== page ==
Need help? Call us 0333 006 3096

(Monday - Friday 8am - 5pm)

It’s well known that sleep is important to support children’s development, both mentally and physically. As a parent, it can sometimes be a struggle to find the time to get some shut eye, however, sleep is also vital for adults. Here, we speak to Lisa Artis at The Sleep Council, to find out a bit more about why getting a good night’s sleep is important, and to weigh up sleep quantity versus sleep quality.

Woman sleeps in bed

Why is getting a good night’s sleep important?

Sleep, regardless of age, is extremely important to a healthy lifestyle and should not be taken lightly. It is a basic and fundamental human requirement and has restorative functions.  As we sleep, tissue grows and repairs itself and the immune system is strengthened. The brain also repairs itself during sleep and researchers believe sleep is critical to healthy brain function. In fact, researchers also believe the brain performs actions vital to learning and memory during sleep. Sleep also affects the levels of hormones and other important chemicals circulating in your body. Getting too little sleep disrupts all of that.

In an ideal world you’d get eight hours of undisturbed sleep every night

While there is no magic number for how much sleep we should get, there is a consensus that around seven to eight hours is best. Experts believe that most adults require somewhere between six and nine hours in order to feel refreshed and to function well both mentally and physically.

In the real world how much sleep does the average adult get?

A third of the population (33%) now get by on five to six hours sleep a night compared to 27% in 2010. And the majority of people (70%) sleep for seven hours or less. * The rise in the number of people getting less than six hours sleep is certainly a concern with research suggesting that mental and physical problems become more pronounced in those sleeping for less than six hours.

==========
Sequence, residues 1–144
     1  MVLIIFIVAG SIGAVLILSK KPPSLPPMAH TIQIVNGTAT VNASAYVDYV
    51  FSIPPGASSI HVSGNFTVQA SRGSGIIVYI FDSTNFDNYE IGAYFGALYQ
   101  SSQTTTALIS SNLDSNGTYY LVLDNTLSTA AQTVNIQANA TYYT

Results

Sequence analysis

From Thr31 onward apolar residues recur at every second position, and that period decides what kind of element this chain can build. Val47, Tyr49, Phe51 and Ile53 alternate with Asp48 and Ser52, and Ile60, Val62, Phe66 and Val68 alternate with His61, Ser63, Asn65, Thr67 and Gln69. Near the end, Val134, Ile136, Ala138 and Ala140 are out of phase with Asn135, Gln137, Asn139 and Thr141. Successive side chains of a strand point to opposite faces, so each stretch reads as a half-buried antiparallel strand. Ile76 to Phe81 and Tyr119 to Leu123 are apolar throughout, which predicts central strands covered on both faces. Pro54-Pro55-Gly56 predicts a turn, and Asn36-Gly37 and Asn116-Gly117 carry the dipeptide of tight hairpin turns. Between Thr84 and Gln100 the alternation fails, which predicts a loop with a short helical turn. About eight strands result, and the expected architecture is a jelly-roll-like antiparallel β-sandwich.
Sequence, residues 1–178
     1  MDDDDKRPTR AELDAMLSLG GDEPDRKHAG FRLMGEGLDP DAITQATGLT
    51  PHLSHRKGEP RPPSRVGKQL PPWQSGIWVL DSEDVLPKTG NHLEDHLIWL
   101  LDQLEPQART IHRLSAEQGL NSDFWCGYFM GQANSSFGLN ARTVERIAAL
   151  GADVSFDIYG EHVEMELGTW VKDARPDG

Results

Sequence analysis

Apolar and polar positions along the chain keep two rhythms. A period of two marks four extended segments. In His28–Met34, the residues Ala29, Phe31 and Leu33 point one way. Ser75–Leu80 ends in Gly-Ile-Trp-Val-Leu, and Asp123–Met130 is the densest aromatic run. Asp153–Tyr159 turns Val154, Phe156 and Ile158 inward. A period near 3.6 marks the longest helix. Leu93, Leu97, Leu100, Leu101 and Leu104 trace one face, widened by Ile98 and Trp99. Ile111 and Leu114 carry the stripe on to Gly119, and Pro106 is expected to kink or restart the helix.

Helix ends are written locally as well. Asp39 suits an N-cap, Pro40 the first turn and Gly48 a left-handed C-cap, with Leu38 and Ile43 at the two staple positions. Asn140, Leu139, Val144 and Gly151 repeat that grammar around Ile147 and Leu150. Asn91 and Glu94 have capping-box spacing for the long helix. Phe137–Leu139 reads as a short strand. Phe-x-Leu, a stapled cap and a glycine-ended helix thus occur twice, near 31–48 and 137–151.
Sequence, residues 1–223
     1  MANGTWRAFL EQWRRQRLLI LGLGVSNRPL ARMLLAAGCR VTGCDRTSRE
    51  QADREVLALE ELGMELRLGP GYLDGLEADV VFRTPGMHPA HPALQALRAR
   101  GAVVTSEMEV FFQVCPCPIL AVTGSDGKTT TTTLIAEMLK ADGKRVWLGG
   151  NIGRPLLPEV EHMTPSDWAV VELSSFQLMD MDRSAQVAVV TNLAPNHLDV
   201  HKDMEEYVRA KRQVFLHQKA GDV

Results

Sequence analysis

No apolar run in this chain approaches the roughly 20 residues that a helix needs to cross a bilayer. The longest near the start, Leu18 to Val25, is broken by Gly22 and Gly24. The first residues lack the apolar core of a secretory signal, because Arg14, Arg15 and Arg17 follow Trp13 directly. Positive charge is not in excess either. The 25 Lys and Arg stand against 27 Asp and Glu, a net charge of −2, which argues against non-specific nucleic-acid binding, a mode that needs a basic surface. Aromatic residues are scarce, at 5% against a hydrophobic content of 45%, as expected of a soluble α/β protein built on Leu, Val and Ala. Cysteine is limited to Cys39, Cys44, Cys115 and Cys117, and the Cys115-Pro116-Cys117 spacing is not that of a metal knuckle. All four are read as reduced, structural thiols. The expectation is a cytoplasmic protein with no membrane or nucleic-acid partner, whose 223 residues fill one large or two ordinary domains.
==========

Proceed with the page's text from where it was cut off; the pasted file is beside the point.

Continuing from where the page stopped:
The stats all point to the fact that those who frequently get fewer than six hours a night are at significantly increased risk of stroke and heart disease**. Not sleeping enough may ramp up the ‘fight or flight’ response to stress, releasing hormones that speed up heart rate and raise blood pressure. Not only are there increased health risks with routinely sleeping less than six hours but it can also impact on attention, concentration and memory.

What to aim for that can make a difference?

It’s important to not get too hung up on the number of hours you’re sleeping – remember one size doesn’t fit all. While someone may get 6.5 hours sleep a night and function perfectly well the next day, some (i.e. me!) need more like nine hours a night to feel fully refreshed.

So, while sleep quantity is good indicator of where to start when it comes to sleeping well, what is important is that the sleep you do get is of good quality. Make sure you regularly assess your sleep quality and comfort levels.

Good sleep quality is measured by how quickly you fall asleep (ideal is 15-20 minutes), the ability to stay asleep (waking just once per night) and spending most of your time in bed asleep rather than awake.  Did you know that interrupted sleep is as bad for you as only getting four hours as night wakings disrupt your natural sleep rhythm and leave you with a poor attention span and a negative mood***.

How to achieve it

Creating – and maintaining – the perfect sleep environment is an essential part of achieving the best possible quality sleep which is vital for health and wellbeing. A restful bedroom environment should be cool, quiet and dark and free from distractions – that means removing computers, tablets, mobile phones and even TVs. Avoid screen time at least an hour before bed as the blue light that emits from these devices’ messes around with your body’s circadian rhythms by suppressing the sleep-inducing hormone melatonin.

Comfort – whether that’s the bed or the bedding – plays a large part in optimising sleep. It’s difficult to get deep, restful sleep on an old, uncomfortable mattress so make sure you look to replace every seven years for optimum support. Use adequate bed clothes and pillows.

To ensure you experience good quality sleep it’s essential to follow good lifestyle habits too such as diet, caffeine and alcohol consumption and exercise regimes.  Small changes can have a huge impact on how you sleep.

Lisa Artis from The Sleep Council

*Source: The Great British Bedtime Report, 2013

**Source: Chicago Medical School, 2012

***Source: Tel Aviv University’s School of Psychological Sciences, 2014

Your Basket

There are currently no products in your basket.